If you’re a candidate, then I’m going to tell you a secret: nobody is out to “get you”, in fact your interviewer desperately wants to see you succeed. Engineering organizations, especially startups, spend so much time and effort recruiting that filling every position is a ‘Hallelujah’ moment.

An interview isn’t a one-way serenade, where the candidate desperately tries to impress the interviewer. Treat it like a conversation, where you demonstrate competence and we try to sell you on working at our company.

The worst feeling as an interviewer is not being able to guide the candidate

Also, if you find yourself in the position of being a more junior engineer interviewing a candidate whose resume looks senior to yours, don’t be nervous! Remember: you have the job, so you are perfectly qualified to assess anyone for a similar job at your organization. I’ve seen many experienced candidates submit spaghetti code during interviews. But hey, they’re probably nervous too!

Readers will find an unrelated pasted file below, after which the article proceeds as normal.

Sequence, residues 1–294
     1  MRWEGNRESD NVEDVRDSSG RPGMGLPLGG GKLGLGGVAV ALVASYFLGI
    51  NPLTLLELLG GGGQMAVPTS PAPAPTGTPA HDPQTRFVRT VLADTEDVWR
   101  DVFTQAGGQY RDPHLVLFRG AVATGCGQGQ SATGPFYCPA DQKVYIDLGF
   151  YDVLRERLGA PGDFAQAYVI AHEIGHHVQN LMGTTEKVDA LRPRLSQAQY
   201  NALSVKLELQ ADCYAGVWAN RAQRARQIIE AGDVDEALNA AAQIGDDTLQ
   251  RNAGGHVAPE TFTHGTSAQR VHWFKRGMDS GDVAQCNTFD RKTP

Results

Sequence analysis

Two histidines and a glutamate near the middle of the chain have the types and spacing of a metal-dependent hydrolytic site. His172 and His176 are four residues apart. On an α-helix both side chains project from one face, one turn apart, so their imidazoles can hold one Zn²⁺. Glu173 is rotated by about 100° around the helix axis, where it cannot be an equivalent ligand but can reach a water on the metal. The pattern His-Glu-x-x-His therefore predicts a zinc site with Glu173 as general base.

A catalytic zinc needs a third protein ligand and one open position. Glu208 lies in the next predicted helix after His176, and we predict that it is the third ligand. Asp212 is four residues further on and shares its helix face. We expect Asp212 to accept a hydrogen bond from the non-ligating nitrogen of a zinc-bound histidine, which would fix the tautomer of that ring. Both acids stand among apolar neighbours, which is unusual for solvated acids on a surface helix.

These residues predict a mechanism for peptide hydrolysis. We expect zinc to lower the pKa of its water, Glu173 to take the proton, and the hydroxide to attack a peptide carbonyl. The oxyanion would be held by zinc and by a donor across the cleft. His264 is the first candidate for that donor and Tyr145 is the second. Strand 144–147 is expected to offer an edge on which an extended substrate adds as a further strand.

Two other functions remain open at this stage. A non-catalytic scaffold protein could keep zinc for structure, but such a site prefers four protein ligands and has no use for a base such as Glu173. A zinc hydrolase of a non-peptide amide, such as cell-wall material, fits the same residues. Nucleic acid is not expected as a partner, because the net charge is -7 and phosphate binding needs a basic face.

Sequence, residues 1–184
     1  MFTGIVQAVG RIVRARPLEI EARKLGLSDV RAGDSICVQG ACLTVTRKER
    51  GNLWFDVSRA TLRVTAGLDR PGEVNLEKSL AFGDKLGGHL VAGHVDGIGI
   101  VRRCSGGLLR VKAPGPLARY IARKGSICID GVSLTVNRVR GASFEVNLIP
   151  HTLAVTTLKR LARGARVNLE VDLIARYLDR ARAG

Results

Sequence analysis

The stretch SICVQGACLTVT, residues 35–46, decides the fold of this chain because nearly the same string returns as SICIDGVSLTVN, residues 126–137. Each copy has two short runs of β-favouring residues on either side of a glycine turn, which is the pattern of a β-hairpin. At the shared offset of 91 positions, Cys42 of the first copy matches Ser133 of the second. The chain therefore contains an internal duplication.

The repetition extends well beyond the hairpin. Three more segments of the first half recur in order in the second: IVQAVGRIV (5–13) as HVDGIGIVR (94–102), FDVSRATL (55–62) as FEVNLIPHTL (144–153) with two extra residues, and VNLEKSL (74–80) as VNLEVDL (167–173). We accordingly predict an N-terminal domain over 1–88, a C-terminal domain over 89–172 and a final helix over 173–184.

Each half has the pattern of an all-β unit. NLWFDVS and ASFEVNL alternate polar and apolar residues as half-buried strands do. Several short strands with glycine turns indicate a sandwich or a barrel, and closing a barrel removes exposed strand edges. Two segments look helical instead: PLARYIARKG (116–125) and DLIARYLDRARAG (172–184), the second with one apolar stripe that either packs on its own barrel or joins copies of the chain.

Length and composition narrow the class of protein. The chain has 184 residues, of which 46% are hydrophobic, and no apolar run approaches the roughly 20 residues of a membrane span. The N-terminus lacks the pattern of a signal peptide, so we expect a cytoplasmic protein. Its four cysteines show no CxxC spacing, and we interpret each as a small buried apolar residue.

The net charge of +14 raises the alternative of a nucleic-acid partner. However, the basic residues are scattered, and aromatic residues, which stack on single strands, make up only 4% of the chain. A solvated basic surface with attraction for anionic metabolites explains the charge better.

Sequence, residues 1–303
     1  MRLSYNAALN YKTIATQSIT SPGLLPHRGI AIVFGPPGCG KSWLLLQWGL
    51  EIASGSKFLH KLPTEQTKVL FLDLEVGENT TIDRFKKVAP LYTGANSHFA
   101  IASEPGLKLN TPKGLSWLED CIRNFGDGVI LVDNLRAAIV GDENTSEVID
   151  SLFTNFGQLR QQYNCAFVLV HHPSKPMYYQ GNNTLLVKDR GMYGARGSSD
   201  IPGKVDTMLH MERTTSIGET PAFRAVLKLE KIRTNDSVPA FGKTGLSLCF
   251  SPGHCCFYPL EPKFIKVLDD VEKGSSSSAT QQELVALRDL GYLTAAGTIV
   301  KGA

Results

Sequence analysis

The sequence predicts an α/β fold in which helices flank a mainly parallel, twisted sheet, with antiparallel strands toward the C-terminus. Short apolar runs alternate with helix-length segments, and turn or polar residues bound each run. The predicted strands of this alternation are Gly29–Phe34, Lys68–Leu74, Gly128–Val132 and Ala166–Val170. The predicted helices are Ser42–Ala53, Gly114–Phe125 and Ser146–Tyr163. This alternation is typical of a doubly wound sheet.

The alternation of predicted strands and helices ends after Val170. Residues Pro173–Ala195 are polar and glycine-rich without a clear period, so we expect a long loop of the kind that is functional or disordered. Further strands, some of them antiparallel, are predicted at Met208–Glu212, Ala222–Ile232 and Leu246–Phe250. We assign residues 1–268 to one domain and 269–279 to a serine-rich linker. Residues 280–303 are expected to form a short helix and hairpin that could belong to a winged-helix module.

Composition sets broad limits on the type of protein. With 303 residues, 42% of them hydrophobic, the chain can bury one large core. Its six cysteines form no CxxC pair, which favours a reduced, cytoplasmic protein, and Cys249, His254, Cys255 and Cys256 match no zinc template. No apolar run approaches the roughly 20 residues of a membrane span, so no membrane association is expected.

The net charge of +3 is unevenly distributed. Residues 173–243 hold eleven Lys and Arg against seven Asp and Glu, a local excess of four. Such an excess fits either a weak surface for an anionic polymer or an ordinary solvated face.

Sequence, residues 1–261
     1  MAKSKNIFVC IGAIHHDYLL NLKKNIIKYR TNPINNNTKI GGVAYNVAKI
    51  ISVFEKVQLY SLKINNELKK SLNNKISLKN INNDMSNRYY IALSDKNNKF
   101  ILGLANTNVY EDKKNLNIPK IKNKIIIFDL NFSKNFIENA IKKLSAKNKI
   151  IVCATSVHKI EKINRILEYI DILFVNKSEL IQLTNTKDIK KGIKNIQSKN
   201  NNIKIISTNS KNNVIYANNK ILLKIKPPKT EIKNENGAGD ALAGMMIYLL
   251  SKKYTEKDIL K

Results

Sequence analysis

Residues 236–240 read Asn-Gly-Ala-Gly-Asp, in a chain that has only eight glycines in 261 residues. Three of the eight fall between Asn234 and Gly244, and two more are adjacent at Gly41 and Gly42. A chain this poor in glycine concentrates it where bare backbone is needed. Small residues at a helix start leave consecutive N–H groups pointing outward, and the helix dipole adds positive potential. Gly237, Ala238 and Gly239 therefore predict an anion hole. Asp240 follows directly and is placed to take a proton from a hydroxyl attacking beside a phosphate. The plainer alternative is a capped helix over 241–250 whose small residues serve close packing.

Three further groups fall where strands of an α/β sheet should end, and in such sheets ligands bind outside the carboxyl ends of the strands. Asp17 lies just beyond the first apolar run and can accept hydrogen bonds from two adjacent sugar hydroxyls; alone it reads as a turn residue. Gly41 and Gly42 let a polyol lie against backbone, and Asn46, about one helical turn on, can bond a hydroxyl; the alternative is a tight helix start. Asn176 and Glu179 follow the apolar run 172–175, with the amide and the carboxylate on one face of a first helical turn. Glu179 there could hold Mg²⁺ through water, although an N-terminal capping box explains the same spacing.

5. Plan things out before working on a big project

After shipping my first few features, I realized that I could eventually finish any project assigned to me, given enough time. The hardest part about engineering (for me) was finishing my work on time. I also found that the larger a project was, the harder it was for me to ship it on time.

The most overdue project I worked on was Moving Zoom, which I shipped 3-4 weeks after my initial estimate. As a bit of background, Kapwing’s existing animations are relatively static, allowing users to only define duration but not when animations appear or how they look. We wanted to move towards “keyframing”, a solution implemented by many desktop editors to give more precise control over animations. As part of this refactor, animations needed to become composable. In the end, a user should be able to say: “I want this layer to move right, while turning pink, and then subsequently zoom in 200%”.